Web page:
Facing the future – literally.
Discriminator, Brett Gaylor’s latest cautionary tale about life online, looks at the sea of faces we’ve willingly uploaded to social media and the consequences of our oversharing.
As the Internet has evolved, so has documentarian Brett Gaylor’s attitude towards it. The filmmaker, who imagined a utopian future of shared creativity in 2008’s hit documentary feature RIP: A Remix Manifesto, began to sound the alarm in 2015 with his Peabody award winning series on digital privacy Do Not Track. Last year’s CBC documentary The Internet of Everything explored the implications of the Internet moving off of our screens and into the world around us with the Internet of Things.
And in his latest film, the interactive documentary Discriminator, he looks at the vast global database of faces – captured without consent on social media and other platforms – and how it’s being used to hone facial recognition and other advances in artificial intelligence.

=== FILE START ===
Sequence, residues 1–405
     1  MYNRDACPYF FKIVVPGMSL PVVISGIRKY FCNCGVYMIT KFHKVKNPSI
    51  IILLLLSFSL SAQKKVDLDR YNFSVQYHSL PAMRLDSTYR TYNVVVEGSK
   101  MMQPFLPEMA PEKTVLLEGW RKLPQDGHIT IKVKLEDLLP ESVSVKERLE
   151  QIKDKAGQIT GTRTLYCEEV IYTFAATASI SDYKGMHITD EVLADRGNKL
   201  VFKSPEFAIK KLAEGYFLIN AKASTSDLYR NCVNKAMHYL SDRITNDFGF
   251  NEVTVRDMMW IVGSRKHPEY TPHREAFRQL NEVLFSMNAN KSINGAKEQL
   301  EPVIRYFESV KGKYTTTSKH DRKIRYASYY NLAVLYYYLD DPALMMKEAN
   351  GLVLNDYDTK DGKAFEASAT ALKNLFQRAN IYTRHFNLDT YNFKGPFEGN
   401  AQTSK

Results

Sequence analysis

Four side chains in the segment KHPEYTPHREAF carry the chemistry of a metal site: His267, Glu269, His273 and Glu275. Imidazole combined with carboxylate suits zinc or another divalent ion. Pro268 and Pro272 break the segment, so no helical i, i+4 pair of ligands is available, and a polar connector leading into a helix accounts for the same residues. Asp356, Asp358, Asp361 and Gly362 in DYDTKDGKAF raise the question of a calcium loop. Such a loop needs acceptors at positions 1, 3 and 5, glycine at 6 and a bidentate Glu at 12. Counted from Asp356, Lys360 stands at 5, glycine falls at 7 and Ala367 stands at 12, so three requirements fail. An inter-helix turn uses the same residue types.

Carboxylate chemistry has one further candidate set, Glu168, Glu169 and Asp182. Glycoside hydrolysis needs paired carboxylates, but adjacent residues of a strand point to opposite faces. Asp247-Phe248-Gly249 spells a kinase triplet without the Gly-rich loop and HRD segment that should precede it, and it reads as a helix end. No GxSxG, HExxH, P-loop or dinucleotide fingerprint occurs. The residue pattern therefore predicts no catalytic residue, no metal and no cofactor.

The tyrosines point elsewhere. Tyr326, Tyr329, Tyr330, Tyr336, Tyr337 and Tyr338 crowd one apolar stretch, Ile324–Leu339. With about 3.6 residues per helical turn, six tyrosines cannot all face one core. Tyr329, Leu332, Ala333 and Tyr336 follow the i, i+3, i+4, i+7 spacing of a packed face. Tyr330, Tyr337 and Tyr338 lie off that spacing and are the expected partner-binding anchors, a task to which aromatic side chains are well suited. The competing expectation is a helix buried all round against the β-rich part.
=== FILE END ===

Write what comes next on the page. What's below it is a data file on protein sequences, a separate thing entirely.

Discriminator traces the almost accidental amassing of photos on digital sites through the beginning of this century, and follows through to the realization in 2015 by Yahoo/Flickr that this archive had limitless possibilities no one could have imagined. The subsequent cloning of these databases has been used to build technology used by US defence contractors, the Chinese military and the largest corporations on earth.
In this interactive documentary, viewers can see how this technology works by activating their own webcams. While this may sound creepy, the film manages to stay away from fear-mongering territory with AI-assisted animation, interactive AR filters, a glitchy original score and Gaylor’s familiar voiceover. It’s the most fun you will have exploring surveillance capitalism.
“We need to move beyond narratives around AI that are scary and grant the technology it’s own human agency,” says Gaylor, whose own wedding images play a role in his digital supply chain analysis. “What we need to understand is that these are technologies that we can shape, and that we are alive during a moment where we can set the course
“People’s faces are being used for purposes over which they have no control. We need to have consent over our digital bodies – we need to make permission normal again.”